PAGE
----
Today’s mobile news roundup features Google’s two new Nexus devices, Apple paying a $2.6M bond, a software that lets users play Android apps on Macs, and Vodafone’s efforts at restructuring their company.
Google Nexus 7 and Q
At the Google I/O 2012 event, the search giant unveiled two new devices on their Nexus line: the Nexus 7, deemed as a Kindle Fire and iPad competitor, and the Nexus Q, which is a media player.
The Nexus 7 will also serve as the launching device for the Android 4.1 a.k.a. Jelly Bean. The Nexus 7 was built by ASUS and features a 7” 1280×800 high-resolution display protected by scratch resistant Corning glass, NVIDIA Tegra 3 quad-core processor, 1.2MP front-facing camera, 1 GB RAM, WiFi 802.11 b/g/n, Bluetooth, Microphone, NFC (Android Beam), Accelerometer, GPS, Magnetometer, Gyroscope but weighs only 340 grams. Though small, it will deliver up to 8 hours of active use or 8 hours of HD video playback, 10 hours of web browsing or 10 hours of e-reading. It will be available in 8GB and 16GB. The Nexus 7 will be available by July for only $199.
As for the Nexus Q, the world’s first social streaming media player, it streams entertainment directly from the cloud to your living room. This dome-shaped player is not just an ordinary black box as it features an LED ring that changes color in time with the beat of the music. It also acts as a speaker and features 1GB of LPDDR RAM, 16GB NAND flash memory, Rotating top dome volume control and Capacitive touch sensor for mute. The Nexus Q runs Android 4.0 ICS, supports Wi-Fi 802.11a/b/g/n, Bluetooth, NFC, 32 RGB perimeter LEDs, 1 RGB LED for mute indicator, and supports apps such as Google Play Music, Google Play Movies and TV, and YouTube.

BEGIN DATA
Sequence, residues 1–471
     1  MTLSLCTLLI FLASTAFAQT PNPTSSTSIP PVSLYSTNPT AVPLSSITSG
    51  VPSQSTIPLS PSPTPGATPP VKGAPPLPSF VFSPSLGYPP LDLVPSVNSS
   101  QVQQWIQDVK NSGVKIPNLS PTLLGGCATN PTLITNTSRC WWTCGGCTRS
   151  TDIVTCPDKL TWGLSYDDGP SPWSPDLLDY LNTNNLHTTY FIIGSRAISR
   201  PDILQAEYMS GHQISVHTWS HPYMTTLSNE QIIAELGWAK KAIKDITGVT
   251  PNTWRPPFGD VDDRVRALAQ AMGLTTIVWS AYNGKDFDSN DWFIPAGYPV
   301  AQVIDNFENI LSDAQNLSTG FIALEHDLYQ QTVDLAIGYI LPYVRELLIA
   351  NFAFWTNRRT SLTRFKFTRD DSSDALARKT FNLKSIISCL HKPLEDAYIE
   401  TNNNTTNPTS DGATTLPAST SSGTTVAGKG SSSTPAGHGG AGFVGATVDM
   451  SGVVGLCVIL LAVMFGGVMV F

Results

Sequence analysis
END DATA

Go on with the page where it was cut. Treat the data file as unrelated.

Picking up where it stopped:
Apple pays $2.6M bond
Apple was granted a preliminary injunction against Samsung’s Galaxy Tab 10.1. US Judge Lucy Koh ruled in favor of Apple stating that Samsung has no right to flood the market with infringing products. But in order for the injunction to take effect, Apple must first pay a $2.6 million bond that would cover potential damages in case the ruling is overturned.
Apple was quick to pay the bond so the injunction would immediately take effect, but Samsung requested that the ban on product be postponed until their appeal was heard.
BlueStacks’ Android App Player
Apple and Google are certainly out to eliminate each other, but developers have another thing in mind: make the two work together. Well, not physically work together, but rather let their OS’s do the talking.
BlueStacks developed software that allows Mac OSX users to access Android apps. Unfortunately, there are only 17 apps available to choose from, mostly from their developers but they promised that more would be released. The question now is, how many Mac users with access to iTunes’ massive app portfolio will need Android apps?
Vodafone restructures company
Vodafone Group split their European unit into two divisions: the north and eastern. European regions including Germany, U.K. and Turkey, will be led by Philipp Humm from Deutsche Telekom AG (DTE)’s T-Mobile USA; while the southern European businesses such as Spain will be led by Paolo Bertoluzzo, the chief executive officer of Vodafone Italy.
“The division of the role in two parts tells you that Colao will stay on for a couple of years,” said Robin Bienenstock, an analyst at Sanford C Bernstein in London. The Europe chief was seen as a deputy to the CEO, she said. Now, “there may be a less clear-cut path to the top.”